The What Works Clearinghouse (WWC) is this big federal initiative to try to sort through the evidence for various educational claims and give clear recommendations. The thing is, there is a ton of dissatisfaction with their standards for recommendations. Some people think their standards of evidence are weirdly strict. Others say they privilege large experimental or quasi-experimental studies over other forms of evidence.

Anyway, they have this report on helping students who struggle with math, and I like it. Their fifth recommendation is all about visuals:


Why are visuals important? At least partly because words don’t distract you from pictures — you can pay attention to both at once. (Unlike reading a slide and hearing it explained to you, where the words interfere with each other. You might find yourself doubly distracted in that situation.)

This relates to dual-coding theory, a theory from cognitive science that deserves to be better know in math education. Like worked-out examples or the privileged role of narrative, it’s a legitimately useful bit of cognitive science to know.

If you’re looking to teach a strategy, describing a (complete!) mathematical picture (with arrows!) can help.

“So to figure out 7 minus 2, I started with 2 and counted up until I got to 7 and that was 5, so I figured out that 7 – 2 is 5.”

The thing, though, is that it’s very easy to mess this up. A “mathematical picture” is not “a bunch of written numbers or words.” That’s not describing a picture with words — that’s just using spoken words to describe written words. I don’t think that helps as much, according to dual-coding. Words can distract you from words.

I’m not saying that board work in the above tweet is bad at all. My point is just that these equations are going to compete for attention with any spoken explanation in a way that (dual-coding says) a picture wouldn’t. (Though check out those annotated arrows!)

A problem: when I think about it, there are a lot of mathematical topics that I can’t think of a good picture for. And even for ones where I can (e.g. the connection between area and multiplication) those visual representations aren’t obviously connected to their numerical ones to kids. Those connections need to be carefully taught. Ideally, they’re built into a curriculum.

I mean, it’s obvious to me that you can carve up a rectangle into 4 quarters and this represents multiplying (x + 3)(x +7), but anyone who’s tried knows that this isn’t obvious to high school math students.

So while it’s great to aim for “describing a mathematical picture” as an ideal for explanation, we’re limited by the mathematical pictures that kids understand and that we know.

I love learning new pictures for mathematical ideas. I feel like this year I really realized the power of the visual representation of the Pythagorean Theorem to help my kids understand its meaning and use:

But there are a lot of topics where I don’t know good visuals to go with the numbers, equations or words. I’d love if we could find more of them.

What Beyond Explanations Shouldn’t Mean

I could be wrong, but I don’t see a lot of people writing or thinking about how to give good mathematical explanations. This is despite the fact that the vast majority of teachers I talk to say they give explanations often, even if they are a bit embarrassed by this. (They shouldn’t be, I think.)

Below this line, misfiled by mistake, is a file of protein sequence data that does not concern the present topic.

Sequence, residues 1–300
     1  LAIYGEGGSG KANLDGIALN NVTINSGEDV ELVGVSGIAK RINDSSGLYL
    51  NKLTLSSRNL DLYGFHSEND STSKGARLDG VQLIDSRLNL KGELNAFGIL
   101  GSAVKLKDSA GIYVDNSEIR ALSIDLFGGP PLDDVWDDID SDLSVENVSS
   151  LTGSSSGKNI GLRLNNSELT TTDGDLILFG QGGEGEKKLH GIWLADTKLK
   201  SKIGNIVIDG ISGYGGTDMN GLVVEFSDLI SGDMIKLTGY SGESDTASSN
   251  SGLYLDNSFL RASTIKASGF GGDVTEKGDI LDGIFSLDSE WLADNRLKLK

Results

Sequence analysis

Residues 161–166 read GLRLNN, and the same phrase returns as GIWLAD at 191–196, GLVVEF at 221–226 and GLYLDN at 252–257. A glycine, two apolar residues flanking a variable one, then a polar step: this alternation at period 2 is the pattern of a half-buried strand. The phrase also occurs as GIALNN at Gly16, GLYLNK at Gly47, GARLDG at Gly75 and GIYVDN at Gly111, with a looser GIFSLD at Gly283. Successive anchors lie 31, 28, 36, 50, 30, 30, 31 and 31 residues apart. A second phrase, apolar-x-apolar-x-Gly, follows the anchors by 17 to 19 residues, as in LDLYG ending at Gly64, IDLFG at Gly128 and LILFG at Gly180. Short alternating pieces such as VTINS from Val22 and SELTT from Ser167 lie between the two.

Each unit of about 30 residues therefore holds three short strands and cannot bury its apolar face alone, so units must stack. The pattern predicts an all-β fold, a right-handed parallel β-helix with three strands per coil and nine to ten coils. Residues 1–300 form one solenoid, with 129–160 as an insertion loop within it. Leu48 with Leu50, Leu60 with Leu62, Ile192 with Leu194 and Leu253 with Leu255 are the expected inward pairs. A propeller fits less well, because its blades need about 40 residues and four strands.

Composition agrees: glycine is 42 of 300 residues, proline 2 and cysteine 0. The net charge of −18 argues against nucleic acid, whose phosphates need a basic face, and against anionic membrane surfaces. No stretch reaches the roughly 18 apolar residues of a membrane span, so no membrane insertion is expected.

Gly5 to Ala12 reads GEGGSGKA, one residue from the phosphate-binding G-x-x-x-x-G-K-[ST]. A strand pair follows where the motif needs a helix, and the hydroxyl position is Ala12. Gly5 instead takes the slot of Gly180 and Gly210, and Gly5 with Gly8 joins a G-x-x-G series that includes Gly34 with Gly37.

And the vast majority of thinkers and writing about teaching would tell me that they aren’t anti-explanation, just against a mono-focus on explaining as the core of teaching.

So why doesn’t anyone write about giving good mathematical explanations? Three possibilities I can think of.

  1. Unlike me, pretty much already knows how to give good mathematical explanations.
  2. People don’t think that improving our explanations is worth the ink. It’s a low pay-off instructional improvement.
  3. Anti-explanation ideals make it trickier to talk about improving our explanations.

I’m pretty sure it’s not Possibility 1. I think Possibility 2 sounds good, and Possibility 3 is a solid maybe and is anyway related to 2.

Either way, now you know what I’ve recently figured out about explaining stuff to kids:

  • Represent complete mathematical thoughts
  • Use annotated arrows to emphasize action and change in those representations
  • If possible, describe mathematical pictures

So, what’s next? Just last week I tried out a new representation of solving trig problems with my geometry students. It flopped:

But then I made a little tweak, and it went better. Which got me thinking: we’ve got this whole internet thing. Why aren’t people sharing more of these images? Is it less fun for us to share pictures of our own work? Does it seem self-promoting in a way that sharing other things (e.g. activities) doesn’t?

I’m not sure. But I think that this work is valuable, and is worth sharing. Explanations are nitty gritty, but it’s important nitty gritty.

Book Review: Schoolteacher


Schoolteacher is a book that is referenced by pretty much every other scholarly book on education I’ve ever read. It’s a — the! — sociological study of k-12 teaching.

It’s also a book that I failed to read some three times before recently pushing myself through to the finish line.

It’s not that the book isn’t insightful. It is very insightful, the most revealing explanation of forces I’ve felt as a teacher that I’ve ever encountered. (More on that in a second.) It’s also not that the book is boring, or that it’s overly technical, and the dynamics that Dan Lortie describes aren’t even so complicated.

So I don’t really have a theory as to why I found it such a slog to get through my first three times.

What made the difference this last time was simple: I just skipped the boring parts. That took me to the second half of the book. That’s the part where Lortie starts including huge blocks of quotes from the teachers he interviewed, and these sections were much more fun to read: